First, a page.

How to cope with the increase in cross-border flows?
Qualitative and quantitative enhancement of the cross-border transport supply
- Creation of cross-border observatories
Detailed knowledge of cross-border movements would contribute to a better identification of needs in terms of road and rail infrastructure for example, the need to create or reinforce a particular service on saturated routes. It would allow national governments as well as local authorities to establish their transport policy and cross-border spatial planning on reliable data, rather than relying on intuition or using the lack of statistics as a justification for inaction.
- Involvement of users in the definition of needs
The active participation of users (actual and potential) in the definition of their needs can contribute to better organisation of public transport provision. This type of consultation is currently almost non-existent. Targeted surveys of users, websites incorporating facilities for users’ suggestions, and regional conferences on mobility are all tools that can be used for more effective transport planning.
- Consideration of cross-border public transport in planning documents
Efficient provision of cross-border transport also involves a systematic cross-border component in national and regional planning documents (such as the French SCOT, PDU, or ‘contrat d’agglomeration’, the British ‘general plan’ or the German ‘Bebauungsplan’) on both sides of the border. The development of a cross-border component in land-use and development planning for border areas would allow the identification of existing services in neighbouring countries, resulting in better interoperability of transport services, and thus a greater cohesion and continuity of cross-border areas.
- Informing the public about transport provision
Effective communication on services, connections and existing fare structures is another decisive factor in the attractiveness of public transport. There is a need for improvement in the transmission of information to users on the multimodal transport offer, for example with the creation of cross-border information centres. Joint tariffs on cross-border lines and the use of vehicles with a real cross-border identity can be implemented within campaigns to inform citizens and raise awareness of such services on both sides of the border.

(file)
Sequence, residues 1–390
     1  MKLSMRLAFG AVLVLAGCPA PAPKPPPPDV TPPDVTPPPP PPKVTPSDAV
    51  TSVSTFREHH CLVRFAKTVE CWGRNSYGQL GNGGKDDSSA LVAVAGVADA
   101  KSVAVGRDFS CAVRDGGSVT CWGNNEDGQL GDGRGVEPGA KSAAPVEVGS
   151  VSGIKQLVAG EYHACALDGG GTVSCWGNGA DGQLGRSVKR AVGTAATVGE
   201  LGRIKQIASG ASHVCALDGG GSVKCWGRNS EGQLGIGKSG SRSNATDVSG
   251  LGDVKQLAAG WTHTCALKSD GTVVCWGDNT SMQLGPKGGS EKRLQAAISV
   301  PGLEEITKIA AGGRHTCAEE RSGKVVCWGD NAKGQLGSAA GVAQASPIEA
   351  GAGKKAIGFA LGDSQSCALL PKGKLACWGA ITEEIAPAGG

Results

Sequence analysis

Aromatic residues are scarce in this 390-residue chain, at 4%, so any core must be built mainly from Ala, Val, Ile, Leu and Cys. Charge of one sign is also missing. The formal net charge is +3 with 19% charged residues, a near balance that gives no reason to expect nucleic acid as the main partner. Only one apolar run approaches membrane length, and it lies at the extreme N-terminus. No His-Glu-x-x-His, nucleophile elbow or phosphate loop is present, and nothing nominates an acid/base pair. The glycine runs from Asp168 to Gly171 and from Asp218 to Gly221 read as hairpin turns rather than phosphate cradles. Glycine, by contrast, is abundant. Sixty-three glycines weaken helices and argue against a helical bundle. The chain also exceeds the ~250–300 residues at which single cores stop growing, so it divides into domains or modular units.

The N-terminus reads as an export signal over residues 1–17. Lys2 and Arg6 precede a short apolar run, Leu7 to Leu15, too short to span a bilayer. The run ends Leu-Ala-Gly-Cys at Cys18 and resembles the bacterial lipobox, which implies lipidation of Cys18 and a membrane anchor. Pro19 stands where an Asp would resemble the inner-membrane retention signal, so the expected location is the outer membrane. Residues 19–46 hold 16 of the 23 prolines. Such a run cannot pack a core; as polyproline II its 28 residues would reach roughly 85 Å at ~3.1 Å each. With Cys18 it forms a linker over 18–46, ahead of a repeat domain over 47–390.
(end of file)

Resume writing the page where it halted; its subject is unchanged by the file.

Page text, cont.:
Organising cooperation in an appropriate legal framework
- Clarifying the roles of key actors and harmonising their approach at the institutional level
The responsibility for and the organisation of public passenger services are defined by the domestic law of each territory or grouping of territories. It also regulates the relationship between operators and organising authorities.
The use of a legal framework (including the signing of cooperation agreements) or the creation of a cross-border transport authority can harmonise the approach of different stakeholders. Local authorities in border areas have many tools at their disposal (EGTC, LGCC, European district...) allowing them to create cross-border transport authorities to manage cross-border services.
For further information on legal instruments, please consult:
Factsheet on legal instruments for cross-border cooperation [en]
Section on legal instruments in the Members' Area [fr]
- Seeking funding sources
Because of their interregional and international dimensions, many projects involving the creation of or investment in cross-border transport networks and services represent too large a financial undertaking for local authorities alone. It is therefore advisable to acquire a critical financial mass in order to support cross-border transport initiatives.
It is also important for local authorities to consider "co-financing” by organising capital rounds, and thereby mobilizing all relevant levels of governance, to ensure the financing of large-scale projects. The use of EU structural funds within the 2014-2020 EU Cohesion Policy objectives is also possible, as well as the opportunities offered by EU funds earmarked for the Trans-European Transport Network by the MOVE Directorate-general (European Commission) and loans from the European Investment Bank.